Indira released on May 11, 1995. Indira, the debut directorial of Suhasini Mani Ratnam, opens with sounds of chaos over a black screen. Women cry, cattle moo in fear, there are roaring explosions, and children wail. In a brief moment of apparent silence, the words “Saadhigal Illaiyadi Paappaa, Kula Thaazhchi Uyarchi Sollal Paavam” (There is no caste, dear child, to discriminate is sin) by Subramania Bharati, appear over the cold black screen, only to fade as we hear the antagonist Kotamarayar (played brilliantly by Radha Ravi) exclaiming “Yevan ya sonnadhu saadhi illanu?” (Who dares say there is no caste?) A quarter of a century later (the film released on May 11, 1995), people still wrestle with that question on every platform.
The social context of Indira
It is unbelievable that a film like Indira does not find its way into conversations about pioneering Tamil films. It is a firm tale of how compassion can win over discrimination. As a kid, Indira (the titular character played by Anu Hasan in a fantastic debut) along with her family is forced out of their village, along with other ‘lower caste’ people. Growing up, she is unable to spend time with her high-school friend from the other village, outside of school. Later, she witnesses her father (Nasser) being stabbed to death, and when she takes his place to fight for her the oppressed people, she too gets physically harassed and assaulted. But she sticks to her stand, educates children on equality, challenges the establishment, fights her fears and inner demons, and when the opportunity to draw revenge presents itself, she champions peace – as it rightly should be. That way, Indira is also an honest female empowerment film. Essentially, Indira is the kind of film we should be getting when films are marketed as being “women-centric” or batting for “female empowerment”.
Who is Indira?
Indira is not a know-it-all; she is not a snowflake. She is naive – of how ruthless the establishment can be, but also of her own ability to lead people. After her father dies, when the people consult her for advice, she directs them towards her timid uncle. However, being irked by the listlessness of the ‘panchayat’ and with some encouragement from her city-educated beau Thiyagu (a wonderfully restrained Aravind Swami) and another uncle (Janakaraj), she steps up and suggests her opinion. Finding sense in what the young girl says, the people embrace her lead. She does not recognise her leadership qualities until then, and once she does, she is bolder than ever. When a couple of her community kids are thrashed for wearing slippers and bathing in the pond meant for the privileged caste, she gets every kid from her community to walk with slippers and dive into the pond. And when the Kotamarayar gang shows up, she sends them off with a stare.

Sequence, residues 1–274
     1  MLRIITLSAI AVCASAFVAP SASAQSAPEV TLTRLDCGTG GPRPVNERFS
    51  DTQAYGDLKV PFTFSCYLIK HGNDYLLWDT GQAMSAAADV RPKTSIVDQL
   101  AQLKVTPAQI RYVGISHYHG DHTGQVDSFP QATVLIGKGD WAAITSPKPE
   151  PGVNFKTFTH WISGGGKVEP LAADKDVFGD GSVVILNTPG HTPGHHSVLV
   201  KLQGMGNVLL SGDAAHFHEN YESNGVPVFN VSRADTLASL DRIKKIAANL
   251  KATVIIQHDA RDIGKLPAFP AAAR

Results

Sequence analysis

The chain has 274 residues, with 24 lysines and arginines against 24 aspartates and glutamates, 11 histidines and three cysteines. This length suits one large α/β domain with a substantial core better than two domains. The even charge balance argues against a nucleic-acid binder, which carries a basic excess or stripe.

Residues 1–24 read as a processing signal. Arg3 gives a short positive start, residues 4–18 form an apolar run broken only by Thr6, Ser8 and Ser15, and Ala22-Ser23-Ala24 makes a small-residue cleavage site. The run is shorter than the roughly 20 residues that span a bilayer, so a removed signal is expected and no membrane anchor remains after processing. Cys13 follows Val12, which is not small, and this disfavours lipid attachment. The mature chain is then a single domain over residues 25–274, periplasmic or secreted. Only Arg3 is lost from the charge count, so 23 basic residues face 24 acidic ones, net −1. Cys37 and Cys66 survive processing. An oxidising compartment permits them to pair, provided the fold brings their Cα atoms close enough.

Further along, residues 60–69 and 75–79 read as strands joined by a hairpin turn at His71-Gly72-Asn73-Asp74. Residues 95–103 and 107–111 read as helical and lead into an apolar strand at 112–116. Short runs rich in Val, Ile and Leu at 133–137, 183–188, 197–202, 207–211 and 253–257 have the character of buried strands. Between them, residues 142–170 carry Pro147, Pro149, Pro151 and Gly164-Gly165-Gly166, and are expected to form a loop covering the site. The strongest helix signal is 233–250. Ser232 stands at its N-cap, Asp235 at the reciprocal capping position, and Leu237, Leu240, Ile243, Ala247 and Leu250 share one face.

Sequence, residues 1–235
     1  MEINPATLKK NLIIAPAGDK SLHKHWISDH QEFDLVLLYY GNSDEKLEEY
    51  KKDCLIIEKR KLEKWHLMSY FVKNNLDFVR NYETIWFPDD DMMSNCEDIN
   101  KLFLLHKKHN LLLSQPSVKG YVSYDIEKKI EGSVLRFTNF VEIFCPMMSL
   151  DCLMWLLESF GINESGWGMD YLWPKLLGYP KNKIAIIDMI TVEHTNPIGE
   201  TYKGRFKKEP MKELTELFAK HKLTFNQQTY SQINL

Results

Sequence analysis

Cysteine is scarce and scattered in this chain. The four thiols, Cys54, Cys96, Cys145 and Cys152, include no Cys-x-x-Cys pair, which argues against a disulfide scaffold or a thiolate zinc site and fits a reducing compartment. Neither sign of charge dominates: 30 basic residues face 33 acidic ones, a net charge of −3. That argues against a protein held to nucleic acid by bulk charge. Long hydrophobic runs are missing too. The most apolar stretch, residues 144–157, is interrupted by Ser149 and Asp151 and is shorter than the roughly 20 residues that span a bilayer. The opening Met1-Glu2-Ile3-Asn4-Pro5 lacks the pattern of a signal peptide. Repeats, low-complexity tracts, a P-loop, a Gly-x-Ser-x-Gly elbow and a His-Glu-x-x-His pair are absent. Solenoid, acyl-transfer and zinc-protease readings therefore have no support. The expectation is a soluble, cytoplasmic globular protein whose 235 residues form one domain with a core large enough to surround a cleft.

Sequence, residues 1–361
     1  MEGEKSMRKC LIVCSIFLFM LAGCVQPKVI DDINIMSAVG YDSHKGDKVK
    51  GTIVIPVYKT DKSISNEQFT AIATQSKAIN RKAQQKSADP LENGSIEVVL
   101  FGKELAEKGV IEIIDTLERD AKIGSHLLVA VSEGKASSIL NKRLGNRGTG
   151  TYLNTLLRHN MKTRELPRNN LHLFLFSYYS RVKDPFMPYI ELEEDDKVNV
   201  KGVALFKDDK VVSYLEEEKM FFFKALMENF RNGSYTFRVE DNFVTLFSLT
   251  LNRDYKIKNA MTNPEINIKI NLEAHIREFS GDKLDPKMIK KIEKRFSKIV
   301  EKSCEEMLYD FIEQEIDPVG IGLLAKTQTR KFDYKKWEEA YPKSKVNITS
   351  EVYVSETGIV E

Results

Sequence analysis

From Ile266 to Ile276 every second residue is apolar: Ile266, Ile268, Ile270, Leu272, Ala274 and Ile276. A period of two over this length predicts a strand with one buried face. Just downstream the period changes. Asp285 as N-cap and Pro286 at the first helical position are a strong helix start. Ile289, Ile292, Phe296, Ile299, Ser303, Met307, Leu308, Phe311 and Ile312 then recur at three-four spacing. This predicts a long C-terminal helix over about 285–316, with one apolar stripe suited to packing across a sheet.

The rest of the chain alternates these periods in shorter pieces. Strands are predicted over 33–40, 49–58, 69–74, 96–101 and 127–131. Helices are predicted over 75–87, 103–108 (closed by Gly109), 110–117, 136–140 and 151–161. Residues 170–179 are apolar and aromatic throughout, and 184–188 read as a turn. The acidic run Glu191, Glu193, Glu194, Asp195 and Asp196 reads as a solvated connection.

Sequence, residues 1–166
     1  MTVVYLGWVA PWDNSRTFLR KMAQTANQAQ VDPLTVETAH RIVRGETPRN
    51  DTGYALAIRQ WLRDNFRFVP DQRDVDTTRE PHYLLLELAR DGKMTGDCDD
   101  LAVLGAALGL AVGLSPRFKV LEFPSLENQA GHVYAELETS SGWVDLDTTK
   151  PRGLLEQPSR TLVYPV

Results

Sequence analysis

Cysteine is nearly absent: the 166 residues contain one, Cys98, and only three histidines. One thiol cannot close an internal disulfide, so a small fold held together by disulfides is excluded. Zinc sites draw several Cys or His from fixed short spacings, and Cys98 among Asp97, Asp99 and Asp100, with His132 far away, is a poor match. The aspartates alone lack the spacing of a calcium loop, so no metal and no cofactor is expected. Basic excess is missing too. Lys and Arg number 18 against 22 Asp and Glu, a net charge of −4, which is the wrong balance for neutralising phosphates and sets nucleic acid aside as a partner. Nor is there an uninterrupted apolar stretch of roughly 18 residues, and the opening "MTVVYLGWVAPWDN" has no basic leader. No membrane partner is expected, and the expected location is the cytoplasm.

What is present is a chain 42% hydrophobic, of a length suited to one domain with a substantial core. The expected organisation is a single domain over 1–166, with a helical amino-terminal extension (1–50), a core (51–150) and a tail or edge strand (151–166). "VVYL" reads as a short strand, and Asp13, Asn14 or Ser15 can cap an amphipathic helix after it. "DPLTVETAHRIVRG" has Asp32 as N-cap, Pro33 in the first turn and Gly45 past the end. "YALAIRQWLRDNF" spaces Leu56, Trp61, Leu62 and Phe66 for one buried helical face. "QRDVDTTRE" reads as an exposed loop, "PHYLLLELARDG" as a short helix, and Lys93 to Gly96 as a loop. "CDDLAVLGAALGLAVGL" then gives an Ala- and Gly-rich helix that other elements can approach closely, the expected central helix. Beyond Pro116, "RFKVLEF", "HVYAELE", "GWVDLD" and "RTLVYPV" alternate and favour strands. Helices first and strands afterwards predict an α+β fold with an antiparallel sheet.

Another instance of Indira needing support is when she gets physically assaulted. The men of her village are enraged and vow to raze Kotamarayar’s village to the ground. But, in all innocence and hope for peace, Indira goes to meet Kotamarayar and talk things out. But, he delivers the now-cliched line “Saadhi raththathula oori pochu” (Casteism is my blood). Indira has a brief Thevar Magan (1992) Kamal-moment of how she does not belong here among these barbarians. But in a beautiful reversal of roles, Thiyagu (who had earlier held a similar opinion, until Indira convinced him otherwise) encourages her to stay firm in her fight for equality.
Santosh Sivan won the Tamil Nadu State Film Award for Best Cinematographer for Indira. The movie itself received a Special Jury Award. The cinematography is a joy to behold and so is the composition of shots. Editing is by B Lenin and VT Vijayan, and one of my favourite transitions comes early in the film. A young Indira has just witnessed a gruesome murder and her father comforts her saying “Nee periya ponnaa agarthukulla ellaam maaridum ma” (These things will change by the time you grow up), and we see the image of weeping Indira, resting her head on her father’s shoulder. The image dissolves to the image of an older Indira resting her head on the trunk of a tree singing the intro to the song ‘Ini Achcham Achcham Illai’ which she teaches the kids in her village. Composer AR Rahman gives us an album that’s probably the most under-appreciated by the current generation. While ‘Thoda Thoda Malarndhadhenna’ and ‘Nila Kaikiradhu’ are delicate and moving, the album has the extremely funky ‘Odakara Marimuthu’ too, where Aravind Swami is a charming ball of fun.
I’m not sure how the film was received, especially commercially, back then. But the fact that it is Suhasini’s only directorial feature till now is rather unsettling. Is it the theme of caste? Or the women-centric script? Or, does it have to do with the mishmash of TamBram features in the oppressed-community household of Indira? But, in a time post the arrival and success of films such as Pariyerum Perumal and Nerkonda Paarvai, and a more receptive society, maybe it is time for Suhasini’s second feature!